According to American Book Clubs by Adolf Growoll (Graphic Arts Z1008.A2 G8), the Cadmus Club was organized in the fall of 1895 at Galesburg, Illinois. There were no officers and its membership was restricted to twelve, in honor of the twelve months in the calendar year. The members included John Pearsons Gushing, John Huston Finley, Ben Bowles Hampton, George Appleton Lawrence, Philip Sidney Post, Jr., Lee Saunders Pratt, William Edward Simonds, Francis Hinckley Sisson, Willard S. Small, Willis E. Terry, Charles Burton Thwing, and Philip Greene Wright, all of Galesburg.
The purpose of the Club was “good fellowship among the members, the encouragement of good reading in the community, and the publication of literary products that possess a local interest.” Cadmus, the Father of Letters, became their patron saint. The Club held regular meetings, hosted lectures, and shared their own knowledge of all aspects of book-making and book history.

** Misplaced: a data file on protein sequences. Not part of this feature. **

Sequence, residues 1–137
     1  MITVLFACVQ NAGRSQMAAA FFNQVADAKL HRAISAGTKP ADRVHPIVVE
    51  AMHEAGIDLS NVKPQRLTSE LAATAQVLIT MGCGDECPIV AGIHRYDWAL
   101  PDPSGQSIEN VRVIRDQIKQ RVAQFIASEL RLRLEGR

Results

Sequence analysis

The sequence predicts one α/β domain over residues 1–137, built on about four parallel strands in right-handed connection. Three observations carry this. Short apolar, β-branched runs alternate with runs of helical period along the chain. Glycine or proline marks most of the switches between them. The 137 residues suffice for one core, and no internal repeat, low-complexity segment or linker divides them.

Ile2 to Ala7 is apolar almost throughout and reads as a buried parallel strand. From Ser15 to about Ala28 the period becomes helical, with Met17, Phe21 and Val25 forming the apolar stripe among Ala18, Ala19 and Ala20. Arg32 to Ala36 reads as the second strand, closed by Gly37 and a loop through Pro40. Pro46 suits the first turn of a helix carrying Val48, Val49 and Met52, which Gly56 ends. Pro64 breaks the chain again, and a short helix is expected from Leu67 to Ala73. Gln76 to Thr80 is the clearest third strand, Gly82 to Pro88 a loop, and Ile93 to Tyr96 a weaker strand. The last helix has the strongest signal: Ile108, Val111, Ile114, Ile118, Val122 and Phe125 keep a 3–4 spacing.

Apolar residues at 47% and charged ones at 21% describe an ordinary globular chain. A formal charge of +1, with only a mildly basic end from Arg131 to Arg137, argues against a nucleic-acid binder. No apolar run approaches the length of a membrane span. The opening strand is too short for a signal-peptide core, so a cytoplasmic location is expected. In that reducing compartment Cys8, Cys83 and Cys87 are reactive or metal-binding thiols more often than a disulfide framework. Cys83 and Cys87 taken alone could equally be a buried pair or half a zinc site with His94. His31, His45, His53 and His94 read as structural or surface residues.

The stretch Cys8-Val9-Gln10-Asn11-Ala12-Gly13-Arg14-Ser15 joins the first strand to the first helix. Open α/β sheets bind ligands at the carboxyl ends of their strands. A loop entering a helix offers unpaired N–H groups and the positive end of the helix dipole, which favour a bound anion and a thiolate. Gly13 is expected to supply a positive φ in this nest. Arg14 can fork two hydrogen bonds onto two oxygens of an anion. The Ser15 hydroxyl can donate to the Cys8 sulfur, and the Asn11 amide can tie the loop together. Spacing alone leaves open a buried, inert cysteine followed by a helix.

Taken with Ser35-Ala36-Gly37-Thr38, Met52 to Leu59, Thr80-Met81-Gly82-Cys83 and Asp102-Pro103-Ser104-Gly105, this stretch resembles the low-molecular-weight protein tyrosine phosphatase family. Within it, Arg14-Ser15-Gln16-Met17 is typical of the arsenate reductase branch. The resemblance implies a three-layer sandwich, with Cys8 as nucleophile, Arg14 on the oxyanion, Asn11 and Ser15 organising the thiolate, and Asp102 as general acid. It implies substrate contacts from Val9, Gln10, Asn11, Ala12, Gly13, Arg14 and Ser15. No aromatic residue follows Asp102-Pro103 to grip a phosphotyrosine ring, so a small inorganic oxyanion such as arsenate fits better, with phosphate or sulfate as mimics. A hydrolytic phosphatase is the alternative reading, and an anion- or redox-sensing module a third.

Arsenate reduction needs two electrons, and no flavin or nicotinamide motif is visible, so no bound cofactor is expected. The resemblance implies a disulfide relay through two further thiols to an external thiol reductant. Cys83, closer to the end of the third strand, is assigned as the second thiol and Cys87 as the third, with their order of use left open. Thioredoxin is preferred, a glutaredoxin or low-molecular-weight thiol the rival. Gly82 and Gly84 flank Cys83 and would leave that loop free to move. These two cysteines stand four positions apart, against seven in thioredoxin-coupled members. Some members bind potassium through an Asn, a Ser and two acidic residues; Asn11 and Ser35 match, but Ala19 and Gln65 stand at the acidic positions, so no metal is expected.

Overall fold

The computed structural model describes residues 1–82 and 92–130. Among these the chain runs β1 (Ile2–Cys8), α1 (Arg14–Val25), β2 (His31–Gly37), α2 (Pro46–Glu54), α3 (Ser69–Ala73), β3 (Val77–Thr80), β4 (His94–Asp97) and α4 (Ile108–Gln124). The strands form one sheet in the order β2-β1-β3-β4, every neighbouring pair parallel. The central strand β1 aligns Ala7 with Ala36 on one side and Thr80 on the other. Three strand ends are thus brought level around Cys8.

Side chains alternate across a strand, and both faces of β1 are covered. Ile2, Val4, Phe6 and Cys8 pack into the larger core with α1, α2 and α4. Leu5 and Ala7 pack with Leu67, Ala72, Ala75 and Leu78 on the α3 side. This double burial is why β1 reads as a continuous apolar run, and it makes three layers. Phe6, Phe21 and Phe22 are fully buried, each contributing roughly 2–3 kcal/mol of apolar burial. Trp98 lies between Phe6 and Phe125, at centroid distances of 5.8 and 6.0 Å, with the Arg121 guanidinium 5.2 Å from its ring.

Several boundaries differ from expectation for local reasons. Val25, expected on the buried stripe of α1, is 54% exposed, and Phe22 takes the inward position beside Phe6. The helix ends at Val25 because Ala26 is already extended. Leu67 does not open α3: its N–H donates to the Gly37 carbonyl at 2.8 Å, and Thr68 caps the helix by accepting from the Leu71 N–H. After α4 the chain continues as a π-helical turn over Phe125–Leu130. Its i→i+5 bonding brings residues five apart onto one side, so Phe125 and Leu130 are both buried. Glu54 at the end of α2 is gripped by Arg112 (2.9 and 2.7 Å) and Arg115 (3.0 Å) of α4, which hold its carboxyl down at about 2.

Early in 1897 the Club published Cadmus His Almanack, which was “a book by bookish men about books”. It was printed in an edition of 365 copies. Other publications by the Club include Epithalamia (1896); An Analysis of The Social Structure of a Western Town by Arthur W. Dunn (1906), and The Moral Sentiment of the People … An Address by Edgar A. Bancroft (1905) Firestone 1084.07.144.
Other men-only book clubs founded at this time include the Grolier Club in New York (1884), the Club of Odd Volumes in Boston (1886), the Rowfant Club in Cleveland (1892), the Philobiblon Club in Philadelphia (1893), and the Caxton Club of Chicago (1895). The Club of Odd Volumes and the Rowfant Club still restrict their membership to men only.